A national program that funds research into chemical exposure to kids and other environmental issues is on the chopping block as part of a proposed effort to make the Environmental Protection Agency more efficient, BuzzFeed News has learned.
The EPA is considering combining its National Center for Environmental Research (NCER), which runs multiple grants, contracts, and fellowship programs, with two other offices. The combined offices would become a new Office of Resource Management housed under EPA's main research arm, called the Office of Research and Development (ORD).
Since the Hill first reported the consolidation Tuesday night — sparking alarm from environmental and science advocacy groups — the EPA has told BuzzFeed News that the reshuffle is not final.
The EPA proposal would include, "reorganizing staff to the labs and offices where their expertise is most effective," agency spokeswoman Liz Bowman told BuzzFeed News in an email.
"This potential reorganization would not affect anyone’s employment or status and the management of research grants will continue. ORD leadership is currently holding listening sessions with staff across the country to discuss this proposal, so everyone can work together to develop the best organization possible," she added.
Under the possible reorganization, staff may end up switching positions or functions, according to the EPA, but they would "retain the grade and career ladder of their position of record." Details about who would go where and when are not yet available.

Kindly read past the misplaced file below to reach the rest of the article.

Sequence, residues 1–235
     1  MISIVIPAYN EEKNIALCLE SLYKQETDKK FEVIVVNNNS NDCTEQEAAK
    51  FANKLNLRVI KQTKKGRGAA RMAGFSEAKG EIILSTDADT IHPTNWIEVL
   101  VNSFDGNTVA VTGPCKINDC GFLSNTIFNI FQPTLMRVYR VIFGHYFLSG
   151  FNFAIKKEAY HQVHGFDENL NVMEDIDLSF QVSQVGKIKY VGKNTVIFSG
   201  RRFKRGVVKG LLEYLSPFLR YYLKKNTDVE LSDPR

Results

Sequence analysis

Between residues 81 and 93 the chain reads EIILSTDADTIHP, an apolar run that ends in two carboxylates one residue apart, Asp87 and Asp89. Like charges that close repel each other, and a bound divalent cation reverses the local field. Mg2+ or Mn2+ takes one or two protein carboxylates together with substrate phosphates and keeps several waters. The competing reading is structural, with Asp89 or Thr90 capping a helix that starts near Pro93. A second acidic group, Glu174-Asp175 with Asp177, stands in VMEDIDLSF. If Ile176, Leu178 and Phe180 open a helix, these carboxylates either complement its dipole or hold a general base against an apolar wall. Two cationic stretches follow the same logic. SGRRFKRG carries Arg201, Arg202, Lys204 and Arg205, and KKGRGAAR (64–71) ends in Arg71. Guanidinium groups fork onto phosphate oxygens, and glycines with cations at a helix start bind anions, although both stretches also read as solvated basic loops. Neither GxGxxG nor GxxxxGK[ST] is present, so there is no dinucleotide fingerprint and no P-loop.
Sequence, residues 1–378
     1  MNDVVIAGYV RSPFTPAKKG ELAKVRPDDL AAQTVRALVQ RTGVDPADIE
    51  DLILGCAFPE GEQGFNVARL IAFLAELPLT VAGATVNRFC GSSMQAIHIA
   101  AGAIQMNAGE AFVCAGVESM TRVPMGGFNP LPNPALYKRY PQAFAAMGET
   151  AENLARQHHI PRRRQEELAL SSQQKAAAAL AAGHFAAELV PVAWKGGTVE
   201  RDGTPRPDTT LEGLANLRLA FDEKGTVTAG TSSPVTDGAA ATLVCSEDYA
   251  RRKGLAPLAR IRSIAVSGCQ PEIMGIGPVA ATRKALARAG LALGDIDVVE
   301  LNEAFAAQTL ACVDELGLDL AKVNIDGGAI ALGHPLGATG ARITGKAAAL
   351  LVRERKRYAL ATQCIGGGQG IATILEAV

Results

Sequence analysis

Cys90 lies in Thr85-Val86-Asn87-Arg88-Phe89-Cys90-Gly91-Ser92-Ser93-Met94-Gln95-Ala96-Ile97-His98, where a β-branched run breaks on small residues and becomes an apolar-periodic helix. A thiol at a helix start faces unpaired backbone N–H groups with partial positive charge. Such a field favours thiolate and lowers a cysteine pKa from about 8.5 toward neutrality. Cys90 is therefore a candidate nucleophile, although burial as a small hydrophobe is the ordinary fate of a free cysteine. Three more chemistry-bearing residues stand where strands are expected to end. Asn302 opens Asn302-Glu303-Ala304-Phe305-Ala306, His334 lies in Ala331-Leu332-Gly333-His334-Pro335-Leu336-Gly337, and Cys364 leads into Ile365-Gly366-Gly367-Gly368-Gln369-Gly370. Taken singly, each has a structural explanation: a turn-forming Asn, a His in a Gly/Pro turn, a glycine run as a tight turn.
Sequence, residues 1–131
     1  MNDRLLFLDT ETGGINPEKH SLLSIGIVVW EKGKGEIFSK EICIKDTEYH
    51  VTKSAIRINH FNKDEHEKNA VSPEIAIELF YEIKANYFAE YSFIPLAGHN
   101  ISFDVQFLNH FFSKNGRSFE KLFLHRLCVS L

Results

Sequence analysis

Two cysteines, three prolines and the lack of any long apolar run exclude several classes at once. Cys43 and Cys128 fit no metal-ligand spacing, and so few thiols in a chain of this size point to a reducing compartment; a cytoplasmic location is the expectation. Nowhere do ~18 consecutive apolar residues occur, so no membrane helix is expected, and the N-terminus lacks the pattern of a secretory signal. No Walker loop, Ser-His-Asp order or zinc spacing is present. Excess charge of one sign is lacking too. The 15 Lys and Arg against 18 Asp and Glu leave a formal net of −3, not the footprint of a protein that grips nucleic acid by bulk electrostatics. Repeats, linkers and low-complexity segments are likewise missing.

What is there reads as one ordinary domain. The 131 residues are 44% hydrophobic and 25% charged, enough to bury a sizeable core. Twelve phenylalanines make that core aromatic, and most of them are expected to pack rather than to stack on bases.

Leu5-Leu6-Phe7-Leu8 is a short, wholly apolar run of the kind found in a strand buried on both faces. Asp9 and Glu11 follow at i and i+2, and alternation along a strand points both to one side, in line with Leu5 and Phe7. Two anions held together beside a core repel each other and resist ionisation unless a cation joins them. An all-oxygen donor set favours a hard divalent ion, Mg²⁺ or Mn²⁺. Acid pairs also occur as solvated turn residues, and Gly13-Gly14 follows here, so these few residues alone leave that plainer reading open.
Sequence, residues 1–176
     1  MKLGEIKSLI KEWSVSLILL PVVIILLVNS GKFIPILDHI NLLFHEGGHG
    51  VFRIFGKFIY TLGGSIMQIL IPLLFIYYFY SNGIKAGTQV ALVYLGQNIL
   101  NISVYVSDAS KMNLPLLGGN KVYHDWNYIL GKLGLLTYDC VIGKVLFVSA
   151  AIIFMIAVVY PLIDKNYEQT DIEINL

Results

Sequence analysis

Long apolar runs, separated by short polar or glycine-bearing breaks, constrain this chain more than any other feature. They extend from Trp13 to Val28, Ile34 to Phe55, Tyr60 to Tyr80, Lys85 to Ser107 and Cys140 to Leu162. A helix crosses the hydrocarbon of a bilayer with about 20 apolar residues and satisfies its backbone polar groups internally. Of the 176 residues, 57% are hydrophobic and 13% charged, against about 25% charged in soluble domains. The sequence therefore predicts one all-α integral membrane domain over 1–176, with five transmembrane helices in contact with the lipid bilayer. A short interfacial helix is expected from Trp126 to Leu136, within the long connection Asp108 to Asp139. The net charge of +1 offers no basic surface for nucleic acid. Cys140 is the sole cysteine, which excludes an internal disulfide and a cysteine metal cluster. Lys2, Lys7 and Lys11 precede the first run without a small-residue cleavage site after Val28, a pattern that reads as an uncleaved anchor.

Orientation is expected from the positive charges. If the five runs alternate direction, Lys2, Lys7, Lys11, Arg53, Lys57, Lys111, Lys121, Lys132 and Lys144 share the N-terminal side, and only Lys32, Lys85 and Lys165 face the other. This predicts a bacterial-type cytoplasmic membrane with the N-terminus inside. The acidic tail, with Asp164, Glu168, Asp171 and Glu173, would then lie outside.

“The key will be if people have to move to different locations to keep their grade and pay,” former EPA employee Betsy Southerland told BuzzFeed News in an email. “People may quit if they don't want to move.”
Both career and political staff are involved in this proposal, which is part of a broader effort to make the agency more efficient, according to the EPA.
Former agency officials have denounced the proposed move. "By merging these offices, to me, it seems like another nail in the coffin of science," Kyla Bennett, who ran wetland enforcement and permitting in EPA's New England region under the Clinton and Bush administrations.
Bennett, who now works for the watchdog group Public Employees for Environmental Responsibility, is especially concerned the proposal will drive more scientists out of the agency. Between April and December last year, more than 700 staff members have left the EPA.
This is a developing story.
This story has been updated to include a quote from former EPA official Betsy Southerland, as well as to mention the proposal involved both career and political staff, according to the EPA.